5+ Facts about male Suicide

Suicide definition

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Based on the National Statistics definition; Suicide includes all deaths from intentional self-harm for persons aged 10 and over, and deaths caused by injury or poisoning where the intent was undetermined for those aged 15 and over.

Suicide is the act of intentionally causing one’s own death (Wikipedia.org).

Some Risk factors

  1. Mental health disorders, including depression, bipolar disorder, schizophrenia, personality disorders, anxiety disorders, substance abuse including alcoholism and the use of benzodiazepines are risk factors.

2. Those who have previously attempted suicide are at higher risk for future attempts.

3. People can become suicidal when they feel overwhelmed by life’s challenges. They lack hope for the future, and they see suicide as the only solution. Having a family history of suicide or impulsive behaviour is also believed to increase risk of suicidality.

4. Other risk factors can include:

  • Access to firearms
  • Isolation from others
  • History of physical or sexual abuse
  • Having a terminal or chronic illness

5. Some suicides are impulsive acts due to stress i.e. financial difficulties, relationship problems such as breakups, or bullying.

The most commonly used method of varies between countries, and is partly related to the availability of effective means.

Effective suicide prevention efforts would include limiting access to methods of suicide i.e. firearms, drugs and poisons.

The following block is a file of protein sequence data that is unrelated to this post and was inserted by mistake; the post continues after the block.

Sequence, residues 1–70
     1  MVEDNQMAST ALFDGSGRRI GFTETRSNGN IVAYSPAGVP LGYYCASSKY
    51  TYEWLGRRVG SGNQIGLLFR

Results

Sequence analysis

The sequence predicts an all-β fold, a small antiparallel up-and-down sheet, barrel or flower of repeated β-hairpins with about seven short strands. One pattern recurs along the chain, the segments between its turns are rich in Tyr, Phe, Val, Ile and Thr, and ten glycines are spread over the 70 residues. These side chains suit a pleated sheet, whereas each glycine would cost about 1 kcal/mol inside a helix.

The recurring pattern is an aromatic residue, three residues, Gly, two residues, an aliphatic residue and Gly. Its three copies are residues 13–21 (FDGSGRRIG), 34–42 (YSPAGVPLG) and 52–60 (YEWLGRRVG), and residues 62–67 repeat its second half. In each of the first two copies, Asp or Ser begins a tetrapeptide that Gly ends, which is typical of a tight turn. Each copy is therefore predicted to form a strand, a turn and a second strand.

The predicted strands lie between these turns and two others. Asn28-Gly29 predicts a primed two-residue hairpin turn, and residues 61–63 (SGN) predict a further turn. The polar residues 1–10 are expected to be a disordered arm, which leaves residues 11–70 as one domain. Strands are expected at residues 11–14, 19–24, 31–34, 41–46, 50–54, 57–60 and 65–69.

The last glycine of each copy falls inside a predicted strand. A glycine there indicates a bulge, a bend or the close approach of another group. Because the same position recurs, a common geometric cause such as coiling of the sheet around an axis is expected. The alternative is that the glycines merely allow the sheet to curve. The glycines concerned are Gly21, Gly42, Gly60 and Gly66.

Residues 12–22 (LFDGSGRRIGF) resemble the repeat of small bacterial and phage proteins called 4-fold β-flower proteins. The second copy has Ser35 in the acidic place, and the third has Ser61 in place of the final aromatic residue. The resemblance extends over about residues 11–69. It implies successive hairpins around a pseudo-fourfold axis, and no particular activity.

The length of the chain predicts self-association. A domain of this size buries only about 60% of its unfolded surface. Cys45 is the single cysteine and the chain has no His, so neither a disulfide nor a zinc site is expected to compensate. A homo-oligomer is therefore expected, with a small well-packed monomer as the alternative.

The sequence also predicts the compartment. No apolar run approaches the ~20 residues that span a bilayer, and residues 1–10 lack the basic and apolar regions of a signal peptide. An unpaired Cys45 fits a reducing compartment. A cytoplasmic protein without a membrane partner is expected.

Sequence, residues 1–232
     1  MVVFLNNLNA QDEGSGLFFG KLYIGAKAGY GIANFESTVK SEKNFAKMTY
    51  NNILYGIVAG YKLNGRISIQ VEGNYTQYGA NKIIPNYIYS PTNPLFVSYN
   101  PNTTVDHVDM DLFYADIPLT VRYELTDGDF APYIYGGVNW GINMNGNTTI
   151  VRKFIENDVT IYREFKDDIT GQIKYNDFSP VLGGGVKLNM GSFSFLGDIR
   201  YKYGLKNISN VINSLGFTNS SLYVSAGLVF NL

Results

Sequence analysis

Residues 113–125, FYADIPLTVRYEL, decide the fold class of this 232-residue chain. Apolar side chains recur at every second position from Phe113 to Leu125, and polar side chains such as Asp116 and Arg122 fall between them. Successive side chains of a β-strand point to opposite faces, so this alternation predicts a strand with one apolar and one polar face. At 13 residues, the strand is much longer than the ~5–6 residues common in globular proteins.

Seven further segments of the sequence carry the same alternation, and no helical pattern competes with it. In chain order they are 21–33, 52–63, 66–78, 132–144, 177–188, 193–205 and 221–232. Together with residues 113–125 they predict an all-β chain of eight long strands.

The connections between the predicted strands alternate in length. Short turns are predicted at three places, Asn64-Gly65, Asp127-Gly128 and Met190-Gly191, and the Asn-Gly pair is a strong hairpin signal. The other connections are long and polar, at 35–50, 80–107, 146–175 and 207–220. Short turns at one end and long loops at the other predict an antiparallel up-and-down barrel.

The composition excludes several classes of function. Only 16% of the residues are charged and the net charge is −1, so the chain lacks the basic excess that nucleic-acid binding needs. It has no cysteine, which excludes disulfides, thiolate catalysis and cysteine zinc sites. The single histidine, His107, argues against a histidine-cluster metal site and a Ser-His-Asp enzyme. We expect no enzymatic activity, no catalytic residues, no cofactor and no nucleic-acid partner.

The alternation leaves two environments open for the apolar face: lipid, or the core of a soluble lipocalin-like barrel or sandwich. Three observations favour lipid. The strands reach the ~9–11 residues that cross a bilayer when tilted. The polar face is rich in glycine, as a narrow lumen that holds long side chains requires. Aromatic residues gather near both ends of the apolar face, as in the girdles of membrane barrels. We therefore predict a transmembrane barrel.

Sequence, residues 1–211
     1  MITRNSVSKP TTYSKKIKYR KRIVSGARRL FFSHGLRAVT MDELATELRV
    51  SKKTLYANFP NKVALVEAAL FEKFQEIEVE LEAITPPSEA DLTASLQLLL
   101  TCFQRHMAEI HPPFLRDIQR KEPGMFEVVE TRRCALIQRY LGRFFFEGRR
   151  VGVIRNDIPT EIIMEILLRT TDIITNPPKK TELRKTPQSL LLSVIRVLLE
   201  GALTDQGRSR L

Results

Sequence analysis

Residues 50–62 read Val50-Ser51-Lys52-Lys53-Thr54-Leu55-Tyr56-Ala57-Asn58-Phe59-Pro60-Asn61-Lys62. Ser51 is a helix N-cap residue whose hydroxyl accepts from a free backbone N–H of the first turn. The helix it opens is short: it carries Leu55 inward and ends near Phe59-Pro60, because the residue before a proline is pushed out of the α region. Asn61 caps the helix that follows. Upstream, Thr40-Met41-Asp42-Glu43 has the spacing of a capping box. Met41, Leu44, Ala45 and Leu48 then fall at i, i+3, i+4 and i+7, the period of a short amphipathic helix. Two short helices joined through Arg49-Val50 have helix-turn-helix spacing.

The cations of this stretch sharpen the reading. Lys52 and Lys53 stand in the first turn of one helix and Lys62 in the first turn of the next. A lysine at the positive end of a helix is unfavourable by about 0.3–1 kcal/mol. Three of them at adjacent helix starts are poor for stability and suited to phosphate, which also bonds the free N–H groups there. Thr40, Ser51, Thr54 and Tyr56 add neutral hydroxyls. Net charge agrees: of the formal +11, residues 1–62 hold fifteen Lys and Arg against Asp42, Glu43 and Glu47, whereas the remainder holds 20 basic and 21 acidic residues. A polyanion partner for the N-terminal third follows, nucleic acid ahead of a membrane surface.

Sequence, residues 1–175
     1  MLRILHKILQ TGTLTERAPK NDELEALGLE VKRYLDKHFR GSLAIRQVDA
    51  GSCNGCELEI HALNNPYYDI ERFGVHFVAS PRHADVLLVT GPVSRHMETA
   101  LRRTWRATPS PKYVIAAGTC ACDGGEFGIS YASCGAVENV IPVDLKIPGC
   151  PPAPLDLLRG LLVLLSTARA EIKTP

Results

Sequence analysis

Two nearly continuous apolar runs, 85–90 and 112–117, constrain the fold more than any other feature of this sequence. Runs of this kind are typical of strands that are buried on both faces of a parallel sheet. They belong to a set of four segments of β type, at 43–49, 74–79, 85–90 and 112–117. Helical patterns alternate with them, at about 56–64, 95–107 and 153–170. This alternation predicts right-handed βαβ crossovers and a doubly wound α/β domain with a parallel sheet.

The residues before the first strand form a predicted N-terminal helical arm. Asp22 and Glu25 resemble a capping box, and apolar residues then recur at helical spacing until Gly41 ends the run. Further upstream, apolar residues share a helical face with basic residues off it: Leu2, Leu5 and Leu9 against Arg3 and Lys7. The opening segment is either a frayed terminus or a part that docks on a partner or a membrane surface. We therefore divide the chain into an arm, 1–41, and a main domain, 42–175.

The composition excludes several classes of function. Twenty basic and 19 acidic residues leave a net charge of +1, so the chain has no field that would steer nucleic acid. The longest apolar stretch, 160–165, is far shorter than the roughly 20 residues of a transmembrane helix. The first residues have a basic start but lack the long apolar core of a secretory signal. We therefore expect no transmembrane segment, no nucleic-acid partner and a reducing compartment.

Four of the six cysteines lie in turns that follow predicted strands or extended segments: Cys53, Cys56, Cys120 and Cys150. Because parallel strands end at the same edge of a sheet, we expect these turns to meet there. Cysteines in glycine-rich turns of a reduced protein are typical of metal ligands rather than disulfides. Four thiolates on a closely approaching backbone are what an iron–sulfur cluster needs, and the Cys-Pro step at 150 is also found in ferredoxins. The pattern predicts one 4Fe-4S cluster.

Male suicide rates in the UK increased significantly in 2018

In England, a total of 3,800 deaths were registered as suicide among men in 2018, up 14% from the total in 2017 (3,328). This equates to a statistically significant increase in the England male suicide rate, with 15.9 deaths per 100,000 males in 2018, compared with 14.0 deaths per 100,000 males in 2017. The latest rate remains statistically lower than that observed in 1981 when there were 19.3 deaths per 100,000 males in England.

Across time, the male suicide rate for Wales shows a volatile pattern owing to the relatively smaller number of deaths. At the beginning of the time series in 1981, the rate was 16.0 deaths per 100,000 (165 deaths); this is not significantly different from the rate seen in 2018 (19.1 deaths per 100,000; a total of 252 deaths).

The suicide rates for males in England significantly increased in 2018. Office of National Statistics 2018

Scotland, in recent years, had one of the largest decreases in the male suicide rate. In 2014, the rate was 20.2 deaths per 100,000 (497 deaths); this was the lowest rate observed since the time series began. Since then, the suicide rate for males in Scotland has increased significantly to 24.5 deaths per 100,000 in 2018 (a total of 581 deaths).